March 27: Technique

Reading the bible is different for me than reading any other book.  For me, the bible is primer, resource, encyclopedia, novel, companion, dissertation, love letter, adventure, gateway, mini-series, drama, history and personal journal…at least for starters!  So I approach the bible with awe, with curiosity, with innate trust, with reverence, with passion, with intellect and reciprocal engagement.  For me, the goal is what the medieval theologian Anselm of Canterbury articulated so well in his famous motto, Fides quaerens intellectum, Faith seeking understanding.  And perhaps sometimes, understanding seeking some more faith!  Here are some techniques for bible reading I have found profitable, and hope one or more may help you too encounter the living Word!

  • Study.  I come closer to Christ when I study.  I am a life-long student of scripture, the world in which it was birthed and the God who authored it.  Bible study is not restricted to some elite cabal of uber-intellectual academics, God forbid!  We can and should engage scripture with every linguistic, historical and evaluative tool in our toolbox!  That’s why I use study bibles when I teach and study myself, chock-full of notes, outlines, maps, and reflections from those far more educated than I am.  Reading scripture through study is to take one book, or one author, and learn as much about that text as one possibly can, as if you were preparing to meet the author.
  • Contemplation.  Saint Ignatius of Loyola, founder of the Jesuit order, pioneered a dynamic biblical engagement in his epic work Spiritual Exercises.  He led his retreatants into a biblical story slowly, reading it more than once, and then asked them to place themselves imaginatively into the story itself, as if they were standing right next to Jesus as He taught the Beatitudes or walked upon the water or trudged up the Via Dolorosa stumbling under the crushing weight of the crossbar.  They were to feel the Holy Land’s hot sun beating down upon them, wipe the dust from their faces, feel the fishing nets straining against the sudden weight of the miraculous draught of fish before eating with Jesus on the Galilean shore, and so on.  As a visual learner and a storyteller, this technique first aided me in preaching sermons and I absolutely love it!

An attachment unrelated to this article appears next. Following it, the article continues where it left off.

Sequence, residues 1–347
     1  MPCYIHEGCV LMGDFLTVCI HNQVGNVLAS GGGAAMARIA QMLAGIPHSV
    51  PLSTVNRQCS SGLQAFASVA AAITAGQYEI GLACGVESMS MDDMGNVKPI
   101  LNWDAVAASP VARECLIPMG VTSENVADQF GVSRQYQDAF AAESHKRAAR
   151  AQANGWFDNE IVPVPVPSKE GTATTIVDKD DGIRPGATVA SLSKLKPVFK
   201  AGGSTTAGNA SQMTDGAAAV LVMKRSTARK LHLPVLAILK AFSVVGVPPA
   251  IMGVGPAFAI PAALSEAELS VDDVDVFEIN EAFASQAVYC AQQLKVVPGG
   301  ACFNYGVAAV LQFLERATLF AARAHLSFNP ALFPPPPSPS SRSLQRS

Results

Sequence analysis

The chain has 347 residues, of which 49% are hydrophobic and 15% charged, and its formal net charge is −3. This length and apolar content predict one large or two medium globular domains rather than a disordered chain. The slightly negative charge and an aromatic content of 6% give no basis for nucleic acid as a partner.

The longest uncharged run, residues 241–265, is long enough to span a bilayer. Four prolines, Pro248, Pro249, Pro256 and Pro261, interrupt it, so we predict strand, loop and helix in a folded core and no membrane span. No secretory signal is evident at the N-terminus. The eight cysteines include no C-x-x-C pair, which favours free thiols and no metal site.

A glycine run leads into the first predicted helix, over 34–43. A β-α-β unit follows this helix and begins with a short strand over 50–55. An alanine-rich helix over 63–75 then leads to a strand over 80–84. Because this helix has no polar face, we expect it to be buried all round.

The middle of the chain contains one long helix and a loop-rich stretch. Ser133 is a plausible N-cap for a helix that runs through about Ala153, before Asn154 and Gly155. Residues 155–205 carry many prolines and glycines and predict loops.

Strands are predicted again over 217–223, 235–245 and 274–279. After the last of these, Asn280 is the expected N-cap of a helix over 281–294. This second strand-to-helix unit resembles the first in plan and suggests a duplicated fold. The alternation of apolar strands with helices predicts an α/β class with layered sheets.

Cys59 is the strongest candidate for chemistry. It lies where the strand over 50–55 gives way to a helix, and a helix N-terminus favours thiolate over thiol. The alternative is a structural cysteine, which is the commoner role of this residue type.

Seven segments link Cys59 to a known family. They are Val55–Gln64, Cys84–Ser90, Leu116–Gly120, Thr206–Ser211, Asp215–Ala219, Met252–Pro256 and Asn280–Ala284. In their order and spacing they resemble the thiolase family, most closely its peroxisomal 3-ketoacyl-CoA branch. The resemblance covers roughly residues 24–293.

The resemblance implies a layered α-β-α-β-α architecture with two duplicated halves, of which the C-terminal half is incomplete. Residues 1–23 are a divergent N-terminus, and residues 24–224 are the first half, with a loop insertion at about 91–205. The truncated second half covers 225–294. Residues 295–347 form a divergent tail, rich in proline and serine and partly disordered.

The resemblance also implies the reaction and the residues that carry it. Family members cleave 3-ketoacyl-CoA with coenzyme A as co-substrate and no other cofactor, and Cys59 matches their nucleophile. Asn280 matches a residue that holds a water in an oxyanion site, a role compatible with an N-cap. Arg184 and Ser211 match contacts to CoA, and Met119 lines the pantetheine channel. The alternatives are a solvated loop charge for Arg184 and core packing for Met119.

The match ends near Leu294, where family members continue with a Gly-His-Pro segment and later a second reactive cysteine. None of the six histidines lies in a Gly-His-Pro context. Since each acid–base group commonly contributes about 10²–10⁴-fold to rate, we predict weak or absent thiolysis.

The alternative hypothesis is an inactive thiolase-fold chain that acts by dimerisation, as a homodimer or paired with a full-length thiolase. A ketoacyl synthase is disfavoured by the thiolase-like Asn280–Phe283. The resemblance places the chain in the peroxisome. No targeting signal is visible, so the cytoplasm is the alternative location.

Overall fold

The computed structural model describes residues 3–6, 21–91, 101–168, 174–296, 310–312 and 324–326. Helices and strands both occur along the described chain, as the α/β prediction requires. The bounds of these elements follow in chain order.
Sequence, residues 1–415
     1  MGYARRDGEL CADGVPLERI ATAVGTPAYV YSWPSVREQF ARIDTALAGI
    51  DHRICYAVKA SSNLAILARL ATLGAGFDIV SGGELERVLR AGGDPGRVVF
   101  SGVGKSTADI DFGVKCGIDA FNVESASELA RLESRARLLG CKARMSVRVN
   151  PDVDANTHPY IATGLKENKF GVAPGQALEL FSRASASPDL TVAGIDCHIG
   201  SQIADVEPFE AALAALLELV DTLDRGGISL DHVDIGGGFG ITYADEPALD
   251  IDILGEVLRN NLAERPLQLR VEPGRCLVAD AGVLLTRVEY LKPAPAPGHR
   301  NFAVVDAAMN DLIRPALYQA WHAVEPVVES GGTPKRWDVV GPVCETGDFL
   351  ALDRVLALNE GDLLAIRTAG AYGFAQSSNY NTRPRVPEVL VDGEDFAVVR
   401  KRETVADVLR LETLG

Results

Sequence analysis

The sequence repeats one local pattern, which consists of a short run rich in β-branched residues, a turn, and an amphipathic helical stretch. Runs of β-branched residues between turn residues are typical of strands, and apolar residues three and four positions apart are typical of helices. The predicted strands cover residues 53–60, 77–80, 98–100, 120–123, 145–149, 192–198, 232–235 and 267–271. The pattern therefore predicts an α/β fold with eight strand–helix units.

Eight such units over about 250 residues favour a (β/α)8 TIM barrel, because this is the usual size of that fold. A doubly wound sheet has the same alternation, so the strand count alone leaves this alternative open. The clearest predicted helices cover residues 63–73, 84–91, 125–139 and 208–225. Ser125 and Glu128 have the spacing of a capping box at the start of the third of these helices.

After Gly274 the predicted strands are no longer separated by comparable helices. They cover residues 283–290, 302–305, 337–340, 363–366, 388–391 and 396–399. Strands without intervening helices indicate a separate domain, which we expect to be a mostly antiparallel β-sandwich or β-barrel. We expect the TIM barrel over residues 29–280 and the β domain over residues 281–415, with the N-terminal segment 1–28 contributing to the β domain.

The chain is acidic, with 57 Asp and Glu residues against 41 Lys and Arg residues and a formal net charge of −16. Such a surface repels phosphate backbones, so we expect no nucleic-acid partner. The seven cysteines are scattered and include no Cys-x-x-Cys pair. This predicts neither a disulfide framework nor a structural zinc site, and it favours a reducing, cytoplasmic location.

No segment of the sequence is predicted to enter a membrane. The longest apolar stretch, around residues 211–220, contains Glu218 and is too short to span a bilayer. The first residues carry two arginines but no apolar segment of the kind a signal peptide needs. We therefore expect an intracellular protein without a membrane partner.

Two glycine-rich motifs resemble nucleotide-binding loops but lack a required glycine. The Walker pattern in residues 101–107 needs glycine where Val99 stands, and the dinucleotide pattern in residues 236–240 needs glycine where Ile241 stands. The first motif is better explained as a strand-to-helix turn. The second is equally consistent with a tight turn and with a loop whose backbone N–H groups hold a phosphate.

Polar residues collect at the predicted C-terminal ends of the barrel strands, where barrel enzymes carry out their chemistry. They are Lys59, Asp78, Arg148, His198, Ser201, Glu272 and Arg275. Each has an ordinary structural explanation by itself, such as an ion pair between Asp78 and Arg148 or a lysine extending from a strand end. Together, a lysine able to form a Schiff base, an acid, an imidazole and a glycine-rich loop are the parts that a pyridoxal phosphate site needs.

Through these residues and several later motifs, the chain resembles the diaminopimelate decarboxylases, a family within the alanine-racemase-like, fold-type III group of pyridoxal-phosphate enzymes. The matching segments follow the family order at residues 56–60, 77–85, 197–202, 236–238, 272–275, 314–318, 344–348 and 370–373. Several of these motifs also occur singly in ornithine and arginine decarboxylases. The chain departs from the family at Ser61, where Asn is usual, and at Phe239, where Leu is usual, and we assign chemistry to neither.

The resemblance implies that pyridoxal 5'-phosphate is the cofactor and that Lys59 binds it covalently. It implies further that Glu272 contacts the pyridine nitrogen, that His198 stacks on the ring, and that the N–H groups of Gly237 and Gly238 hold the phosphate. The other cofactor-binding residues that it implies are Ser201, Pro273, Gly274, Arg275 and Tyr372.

• Lectio Divina.  (A pet peeve here…classical Latin was pronounced only with hard consonantal diction thus the proper pronunciation of the first word is LEK-tee-oh and not the current trendy, hard to listen to LEX-ci-oh.  Sorry but 4 years of brutal Jesuit High School Latin still predominates!)  Definitely for the more reflective amongst us!  This ancient technique developed in early Judean and Sinaitic monasteries where there were no personal biblical scrolls and uneducated monks could not read.  So they listened to the brothers who could as they read scripture stories out loud several times.  After each recitation monks would speak their impressions about what they heard.  The key to lectiois Christ, so unlocking the message of the text is centered upon what insight the passage provides about Jesus.  As lectio developed it became more complex, with layering for initial reading, meditation, prayer and contemplation.  But at root the simple lectio is to read scripture out loud and see where it lands, where it pricked our attention, where it draws us closer with curiosity, and what it reveals to us about Jesus.

One might suspect in this brief tripartite summary that biblical techniques for reading might closely parallel archetypal personality traits developed centuries after these venerable techniques were canonized, as if certain personalities are instinctively drawn towards certain methods to approach scripture.  And one would be correct!  There is no singular “right” way to read the bible, and the goal of course is not simply to read a text, but to have the text read us, search us, refine and prune and re-shape us.  So study, contemplate, and lectioaway my friends!

  1. Try one of these biblical reading techniques for the next week on a daily basis.
  2. Then try a second one the week after.
  3. Then…well, you get the idea!  Enjoy and let me know how you experience these!

Blessed Lord, who caused all holy Scriptures to be written for our learning: Grant us so to hear them, read, mark, learn, and inwardly digest them, that we may embrace and ever hold fast the blessed hope of everlasting life, which you have given us in our Savior Jesus Christ; who lives and reigns with you and the Holy Spirit, one God, for ever and ever. Amen.

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